Jamiu Alimi (6) -- 2.0 -- He was very poor today. He was slow and then indecisive and almost gave up a goal very early. He was then booked in just 9 minutes. By the 16th minute, Oliseh had seen enough and sent him to the bench early.

China Akas (cpt-3) -- 3.5 -- Chima played like a captain. He was decisive and provided width going forward. In the 66th minute, he saved a certain goal when Niger carved Nigeria's defense open but Chima appeared quickly to foil an attacker who was set to score.

Kalu Orji (2) -- 2.8 -- Kalu replaced Jamiu and did his share but was not spectacular and failed to provide little assistance going forward.

Paul Onobi (10) -- 3.2 -- Paul provided steady cover for the defense and distributed the ball confidently. Paul and Ifeanyi provided the all important link to help work passes behind the NIger defense.

Mathew Ifeanyi (8) -- 4.2 -- Ifeanyi was magnificent today coordinating the  middle and setting up the wide players for runs. Importantly, this is a player that can play both the long and short passes and with the keen sense to switch the play quickly.

Bartholomew Ibenegbu (12) -- 2.8 --Ibenegbu's performance was nothing to write about. Appeared transfixed in positions and a few passes badly misplaced and did not win many balls.

Usman Mohammed (4) --3.0 --Usman played barely 20 minutes after replacing Ibenegbu but did some running and put in far more effort. Had one opportunity to score but the final pass failed to come from Chikatara in the 83rd minute.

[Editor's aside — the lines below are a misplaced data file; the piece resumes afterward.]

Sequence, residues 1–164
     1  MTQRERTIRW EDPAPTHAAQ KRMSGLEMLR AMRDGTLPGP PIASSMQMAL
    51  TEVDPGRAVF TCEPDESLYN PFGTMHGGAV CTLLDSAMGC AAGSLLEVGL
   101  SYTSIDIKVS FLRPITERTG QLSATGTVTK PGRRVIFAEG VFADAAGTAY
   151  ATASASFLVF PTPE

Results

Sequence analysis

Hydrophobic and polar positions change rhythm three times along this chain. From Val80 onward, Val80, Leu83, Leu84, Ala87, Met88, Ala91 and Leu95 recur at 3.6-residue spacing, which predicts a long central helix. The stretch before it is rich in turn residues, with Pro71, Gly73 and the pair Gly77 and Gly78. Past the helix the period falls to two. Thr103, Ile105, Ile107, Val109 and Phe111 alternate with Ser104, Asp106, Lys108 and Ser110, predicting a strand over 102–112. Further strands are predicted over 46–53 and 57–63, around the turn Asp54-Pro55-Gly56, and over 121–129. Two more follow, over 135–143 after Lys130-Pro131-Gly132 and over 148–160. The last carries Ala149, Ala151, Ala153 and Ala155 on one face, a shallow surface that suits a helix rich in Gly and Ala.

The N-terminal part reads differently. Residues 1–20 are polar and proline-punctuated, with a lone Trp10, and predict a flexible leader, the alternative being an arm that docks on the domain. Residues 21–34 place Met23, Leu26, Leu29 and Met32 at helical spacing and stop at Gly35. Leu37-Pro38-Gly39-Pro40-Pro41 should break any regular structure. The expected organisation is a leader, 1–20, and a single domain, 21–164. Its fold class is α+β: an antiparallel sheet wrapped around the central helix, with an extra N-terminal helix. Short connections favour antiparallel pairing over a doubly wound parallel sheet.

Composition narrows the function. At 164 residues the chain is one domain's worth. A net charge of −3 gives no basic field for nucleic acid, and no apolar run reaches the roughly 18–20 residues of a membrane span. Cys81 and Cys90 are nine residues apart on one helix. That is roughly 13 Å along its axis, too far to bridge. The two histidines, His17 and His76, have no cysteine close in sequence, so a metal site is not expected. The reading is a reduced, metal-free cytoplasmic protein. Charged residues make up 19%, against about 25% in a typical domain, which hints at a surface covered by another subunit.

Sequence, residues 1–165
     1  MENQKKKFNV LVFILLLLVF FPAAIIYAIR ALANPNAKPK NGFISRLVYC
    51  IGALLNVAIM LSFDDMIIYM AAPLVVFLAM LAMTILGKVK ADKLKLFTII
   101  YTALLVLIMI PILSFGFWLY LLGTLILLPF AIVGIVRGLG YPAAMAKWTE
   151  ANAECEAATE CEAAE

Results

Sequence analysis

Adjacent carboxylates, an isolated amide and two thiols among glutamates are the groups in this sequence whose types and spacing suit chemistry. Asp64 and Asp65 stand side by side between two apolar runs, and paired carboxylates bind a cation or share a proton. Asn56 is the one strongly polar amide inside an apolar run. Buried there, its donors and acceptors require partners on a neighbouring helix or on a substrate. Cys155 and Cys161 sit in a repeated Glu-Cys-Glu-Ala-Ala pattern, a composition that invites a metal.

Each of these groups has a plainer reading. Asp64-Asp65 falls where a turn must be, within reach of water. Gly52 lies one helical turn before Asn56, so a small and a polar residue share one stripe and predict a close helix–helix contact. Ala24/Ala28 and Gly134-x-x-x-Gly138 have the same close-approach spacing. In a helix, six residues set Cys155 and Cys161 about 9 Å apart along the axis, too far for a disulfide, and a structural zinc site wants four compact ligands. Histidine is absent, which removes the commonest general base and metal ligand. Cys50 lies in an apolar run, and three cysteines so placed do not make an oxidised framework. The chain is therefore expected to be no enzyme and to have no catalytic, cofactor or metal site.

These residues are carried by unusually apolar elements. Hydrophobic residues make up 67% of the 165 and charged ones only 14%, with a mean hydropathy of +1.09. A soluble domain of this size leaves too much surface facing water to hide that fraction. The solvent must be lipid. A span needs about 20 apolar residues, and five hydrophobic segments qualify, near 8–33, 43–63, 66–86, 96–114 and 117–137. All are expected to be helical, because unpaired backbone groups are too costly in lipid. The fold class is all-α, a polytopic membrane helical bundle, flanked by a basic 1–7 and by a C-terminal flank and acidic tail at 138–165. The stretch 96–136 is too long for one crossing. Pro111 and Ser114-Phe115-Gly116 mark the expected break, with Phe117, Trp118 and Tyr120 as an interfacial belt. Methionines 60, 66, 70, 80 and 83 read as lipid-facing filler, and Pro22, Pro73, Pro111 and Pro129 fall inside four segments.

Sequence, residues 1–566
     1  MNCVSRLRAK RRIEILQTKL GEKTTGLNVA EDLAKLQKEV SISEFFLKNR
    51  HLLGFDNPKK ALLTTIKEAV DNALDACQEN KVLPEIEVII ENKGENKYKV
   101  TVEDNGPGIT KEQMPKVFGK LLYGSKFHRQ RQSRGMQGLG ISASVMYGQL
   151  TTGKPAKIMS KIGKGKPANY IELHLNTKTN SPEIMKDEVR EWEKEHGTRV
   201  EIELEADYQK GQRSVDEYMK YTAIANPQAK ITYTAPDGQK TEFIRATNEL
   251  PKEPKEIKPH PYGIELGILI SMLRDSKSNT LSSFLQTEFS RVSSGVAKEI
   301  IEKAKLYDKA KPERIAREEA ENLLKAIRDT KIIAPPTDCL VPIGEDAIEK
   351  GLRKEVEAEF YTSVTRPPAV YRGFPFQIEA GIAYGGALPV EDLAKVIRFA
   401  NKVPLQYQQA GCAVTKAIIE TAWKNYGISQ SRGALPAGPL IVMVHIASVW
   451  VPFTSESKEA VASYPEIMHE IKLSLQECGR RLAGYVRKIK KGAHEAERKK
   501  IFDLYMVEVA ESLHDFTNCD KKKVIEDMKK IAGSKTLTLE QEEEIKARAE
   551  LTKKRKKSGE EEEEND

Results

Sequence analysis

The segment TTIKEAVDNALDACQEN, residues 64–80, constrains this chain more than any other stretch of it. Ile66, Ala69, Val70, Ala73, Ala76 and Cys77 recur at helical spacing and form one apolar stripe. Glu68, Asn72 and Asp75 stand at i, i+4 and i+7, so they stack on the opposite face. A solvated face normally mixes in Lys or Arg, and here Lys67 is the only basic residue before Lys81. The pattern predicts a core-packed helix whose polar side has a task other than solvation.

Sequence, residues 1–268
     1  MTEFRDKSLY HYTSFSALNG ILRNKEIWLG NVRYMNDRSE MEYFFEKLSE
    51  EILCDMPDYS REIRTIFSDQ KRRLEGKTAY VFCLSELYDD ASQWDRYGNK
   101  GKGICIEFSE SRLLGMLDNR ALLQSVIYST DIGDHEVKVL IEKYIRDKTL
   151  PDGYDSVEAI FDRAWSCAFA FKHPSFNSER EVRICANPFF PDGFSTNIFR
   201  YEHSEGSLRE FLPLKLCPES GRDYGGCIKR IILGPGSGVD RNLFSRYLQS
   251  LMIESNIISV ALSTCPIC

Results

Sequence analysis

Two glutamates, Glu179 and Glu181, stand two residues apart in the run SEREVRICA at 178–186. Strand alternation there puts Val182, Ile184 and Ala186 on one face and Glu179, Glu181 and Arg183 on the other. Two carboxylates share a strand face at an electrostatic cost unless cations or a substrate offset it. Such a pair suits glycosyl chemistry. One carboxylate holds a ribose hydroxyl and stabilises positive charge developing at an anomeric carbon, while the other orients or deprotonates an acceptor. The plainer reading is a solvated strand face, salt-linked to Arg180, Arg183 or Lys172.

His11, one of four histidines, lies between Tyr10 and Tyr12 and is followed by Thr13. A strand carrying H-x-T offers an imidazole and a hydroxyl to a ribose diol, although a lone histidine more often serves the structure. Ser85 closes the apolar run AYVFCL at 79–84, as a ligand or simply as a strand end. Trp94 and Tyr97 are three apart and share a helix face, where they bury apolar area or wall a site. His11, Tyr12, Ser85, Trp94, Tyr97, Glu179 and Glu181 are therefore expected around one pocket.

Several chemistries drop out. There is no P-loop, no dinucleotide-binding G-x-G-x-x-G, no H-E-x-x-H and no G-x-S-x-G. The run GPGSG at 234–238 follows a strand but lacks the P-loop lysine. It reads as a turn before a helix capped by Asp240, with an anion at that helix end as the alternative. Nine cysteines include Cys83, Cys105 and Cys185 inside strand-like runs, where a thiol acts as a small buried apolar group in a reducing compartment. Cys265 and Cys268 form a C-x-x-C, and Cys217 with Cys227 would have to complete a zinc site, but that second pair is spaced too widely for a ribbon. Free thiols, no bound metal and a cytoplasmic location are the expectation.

Osas Okoro (17) -- 4.6 -- The man of the match. He converted the opening goal and then assisted in the next two. A third possible assist went to nought when Chikatara failed to convert in the 87th minute.

Tunde Adeniji (9) -- 2.5 -- Guilty of straying offsides several times in the opening half when Niger began to set the trap. He suffered from very few services through the middle but also guilty of not making key runs. In the second half, however, he provided a very important assist that led to the opening goal before being substituted.

Chisom Chikatara (13) -- 4.2 -- Chisom had a spectacular hat trick but his effort, pace, and timed runs could have led to more goals if he was more clinical. This kid is a handful for defenders.

Prince Aggreh (7) -- 3.5 -- Aggreh was very dangerous on the ball with his technique and pace, particularly in the opening half. He was guilty of some selfish play in that half by seeking glory when it seemed easier to find open attackers in the box. He later provided the assist for the fourth goal.